Besides being an incredibly articulate image maker, he is a profoundly gifted writer and thinker about the process whereby the artist transforms the givens of his world into the magic of his works.
Arnold Newman 1918-2006b. March 3, 1918, in New York Cityd. June 6, 2006, in New York CityPhotographed in New York City on March 3, 1988 Arnold Newman began his creative life as a painter and soon realized that he was not going to make his mark in that field in the middle of the twentieth century. When he shifted to work in a photo portrait studio in Florida in the thirties, he soon was in his true métier. By the time he reached New York City in 1946 and opened a studio, he sought out the artists who had recently arrived from Europe, and with his definitive portraits of Max Ernst, Mondrian, Duchamp, George Grosz, and others from the artistic community—the greats of European sculpture and painting—he was on his way. He started carving out the domain of the environmental portrait. He wasn’t just portraying someone’s face—it was a person in a setting.
I learned a lot from looking at Arnold’s work. No question. He was a big hero of mine. He was very responsive to people, very gregarious. He told endless stories about well-known people he’d met. And he was very open to the next generation of photographers. He judged a show at the Jewish Community Center in Cleveland Heights around 1972 and included one of my pictures. He had some of his own pictures at the JCC show—they were selling for $65 apiece. At the time I thought, “How can anybody ever get to a point where they can sell a photograph for $65?” It seemed like so much money. I was still selling my pictures for $12 and I thought even that was a lot of money. And for someone whose monthly rent was $50 a month, with studio and darkroom, it was.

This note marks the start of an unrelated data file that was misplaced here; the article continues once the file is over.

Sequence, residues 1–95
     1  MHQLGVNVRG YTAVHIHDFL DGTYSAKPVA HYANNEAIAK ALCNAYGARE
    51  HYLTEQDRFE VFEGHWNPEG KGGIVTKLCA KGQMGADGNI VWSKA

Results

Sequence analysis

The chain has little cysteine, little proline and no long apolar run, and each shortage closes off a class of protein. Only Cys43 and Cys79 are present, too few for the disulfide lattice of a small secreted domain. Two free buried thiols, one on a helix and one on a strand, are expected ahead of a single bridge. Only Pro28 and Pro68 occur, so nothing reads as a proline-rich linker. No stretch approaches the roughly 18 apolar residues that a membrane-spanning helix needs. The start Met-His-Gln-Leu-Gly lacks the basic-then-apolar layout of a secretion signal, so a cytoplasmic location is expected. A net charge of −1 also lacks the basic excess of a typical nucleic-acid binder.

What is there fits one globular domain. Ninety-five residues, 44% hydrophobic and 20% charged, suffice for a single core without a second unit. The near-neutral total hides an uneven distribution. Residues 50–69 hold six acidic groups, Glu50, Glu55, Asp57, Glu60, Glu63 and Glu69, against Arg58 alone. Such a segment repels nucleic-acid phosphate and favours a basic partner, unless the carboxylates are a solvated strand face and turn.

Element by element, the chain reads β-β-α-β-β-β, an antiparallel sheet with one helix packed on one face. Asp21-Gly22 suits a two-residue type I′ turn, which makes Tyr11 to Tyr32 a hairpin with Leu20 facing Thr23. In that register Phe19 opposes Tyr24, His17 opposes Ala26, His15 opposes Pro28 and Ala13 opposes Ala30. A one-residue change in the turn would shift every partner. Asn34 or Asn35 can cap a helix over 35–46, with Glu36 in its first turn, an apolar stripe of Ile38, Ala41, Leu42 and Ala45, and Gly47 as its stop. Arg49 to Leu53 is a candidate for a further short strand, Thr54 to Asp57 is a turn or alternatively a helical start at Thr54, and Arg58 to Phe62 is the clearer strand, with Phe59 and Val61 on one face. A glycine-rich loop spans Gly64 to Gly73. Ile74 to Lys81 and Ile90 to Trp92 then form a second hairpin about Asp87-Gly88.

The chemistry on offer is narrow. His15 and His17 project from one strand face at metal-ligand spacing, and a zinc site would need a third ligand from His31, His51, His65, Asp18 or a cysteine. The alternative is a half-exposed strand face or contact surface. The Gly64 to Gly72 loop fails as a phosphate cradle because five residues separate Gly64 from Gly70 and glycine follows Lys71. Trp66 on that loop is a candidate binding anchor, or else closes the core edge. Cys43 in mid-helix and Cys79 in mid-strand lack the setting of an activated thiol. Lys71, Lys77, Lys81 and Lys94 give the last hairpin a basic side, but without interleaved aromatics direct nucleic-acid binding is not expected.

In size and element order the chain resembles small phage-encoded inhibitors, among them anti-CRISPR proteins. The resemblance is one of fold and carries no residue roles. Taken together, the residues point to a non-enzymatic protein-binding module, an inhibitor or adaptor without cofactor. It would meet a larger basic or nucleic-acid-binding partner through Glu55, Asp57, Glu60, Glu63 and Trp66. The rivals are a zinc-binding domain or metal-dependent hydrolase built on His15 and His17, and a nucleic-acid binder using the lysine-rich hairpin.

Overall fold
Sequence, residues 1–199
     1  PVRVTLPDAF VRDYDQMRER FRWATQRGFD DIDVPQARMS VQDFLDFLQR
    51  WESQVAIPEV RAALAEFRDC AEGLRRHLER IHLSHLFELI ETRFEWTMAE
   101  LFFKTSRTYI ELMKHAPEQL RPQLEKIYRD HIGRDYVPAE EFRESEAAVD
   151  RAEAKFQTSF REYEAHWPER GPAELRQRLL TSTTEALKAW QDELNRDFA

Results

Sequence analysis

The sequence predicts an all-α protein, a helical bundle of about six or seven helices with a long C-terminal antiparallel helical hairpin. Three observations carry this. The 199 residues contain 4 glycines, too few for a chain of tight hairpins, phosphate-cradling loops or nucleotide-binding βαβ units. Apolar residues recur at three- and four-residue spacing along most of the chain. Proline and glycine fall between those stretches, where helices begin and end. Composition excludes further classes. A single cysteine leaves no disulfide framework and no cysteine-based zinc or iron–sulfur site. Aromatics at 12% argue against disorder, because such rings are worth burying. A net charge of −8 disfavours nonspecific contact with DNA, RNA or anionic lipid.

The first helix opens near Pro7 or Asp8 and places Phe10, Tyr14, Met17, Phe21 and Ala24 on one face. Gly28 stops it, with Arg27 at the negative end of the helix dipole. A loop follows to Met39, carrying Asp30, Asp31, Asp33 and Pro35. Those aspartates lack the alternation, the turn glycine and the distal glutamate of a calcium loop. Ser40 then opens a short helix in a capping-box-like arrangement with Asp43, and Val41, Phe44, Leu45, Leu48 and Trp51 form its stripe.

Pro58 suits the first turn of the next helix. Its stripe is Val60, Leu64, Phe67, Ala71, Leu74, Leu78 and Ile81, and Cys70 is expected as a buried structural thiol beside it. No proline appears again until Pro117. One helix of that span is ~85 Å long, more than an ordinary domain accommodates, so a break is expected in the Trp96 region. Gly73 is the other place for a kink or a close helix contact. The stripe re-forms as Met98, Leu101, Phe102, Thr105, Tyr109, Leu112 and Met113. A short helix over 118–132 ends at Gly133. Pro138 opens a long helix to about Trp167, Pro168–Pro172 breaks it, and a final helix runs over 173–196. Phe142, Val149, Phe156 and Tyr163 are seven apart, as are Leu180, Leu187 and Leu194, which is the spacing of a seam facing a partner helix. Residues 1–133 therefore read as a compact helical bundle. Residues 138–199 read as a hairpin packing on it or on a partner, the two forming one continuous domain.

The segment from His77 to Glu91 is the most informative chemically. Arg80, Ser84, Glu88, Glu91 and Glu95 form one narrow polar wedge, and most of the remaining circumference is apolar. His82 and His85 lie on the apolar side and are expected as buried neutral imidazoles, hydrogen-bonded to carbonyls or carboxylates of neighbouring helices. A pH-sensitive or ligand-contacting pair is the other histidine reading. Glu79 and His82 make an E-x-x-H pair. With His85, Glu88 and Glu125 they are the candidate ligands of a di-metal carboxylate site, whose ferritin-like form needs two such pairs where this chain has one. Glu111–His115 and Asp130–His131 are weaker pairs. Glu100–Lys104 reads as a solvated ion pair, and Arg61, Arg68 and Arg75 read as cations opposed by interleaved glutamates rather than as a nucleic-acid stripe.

I photographed him on his seventieth birthday—March 3rd of 1988. I made the bag by tearing up one of his 50 Years books. It had fragmented images of everyone from Picasso, Marilyn Monroe, Alfred Stieglitz, Francis Bacon, Georgia O'Keeffe, Marc Chagall, Man Ray, and lots of other famous people that he had photographed. When I first came into his studio, I hid the bag. We started talking, and he asked me what I wanted to do. I brought out the bag and was being very apologetic, saying, “Well, I hope this is not going to make you look foolish.”
“No way, let’s do it!” he said.
He ended up with a big color dye transfer print of it, and he loved it. When you first see it, you only notice the paper bag. And then you realize that you’re getting a lot of information about him and his creative output as well.
Norman Parkinson 1913-1990b. April 21, 1913, in Roehampton, London, Englandd. February 14, 1990, while on assignment in SingaporePhotographed in New York City on June 2, 1989Norman Parkinson was a wonderfully dapper man. He always wore suits like the one in this photo. When he came to my apartment there was a circular staircase to go up, and since I realized he was elderly, I asked if he wanted to use the elevator. He said “No,” and then went racing up the steps, at which point I realized that he was quite an energetic guy. My assistant, who was 24, was huffing and puffing as he went up the stairs behind him.
When we started talking, he told me that when he made fashion pictures he would sometimes throw something at the model or do something to surprise them. And at that point he began throwing his hat up into the air to show how we needed to get some motion into the thing. I said, “Absolutely. By all means,” and then we took this shot. This is not Photoshop. We had to do it a few times until I caught the hat in the right place. But he was an absolute pro at throwing it.
In addition to portraits and advertising, Norman had a very long and successful career doing fashion work for magazines as well. Fashion is tough. Norman was a very playful master of the medium. He had people in motion; he had people walking through rain. He was very original in his approach.
At some point he retired and moved to Barbados, but then there was a fire in his house, and a big chunk of his photo archive was destroyed. So he had to go back to work. At that point he called up art directors in New York, London, and Paris and started getting assignments and going back on the circuit again. They were flying him to exotic places with five or six nubile girls in their early twenties, and the end of the story is that he took one of them to bed and literally died in the saddle at the age of 84. So the hat never stopped flying. It’s probably one of the better ways for an old man to go.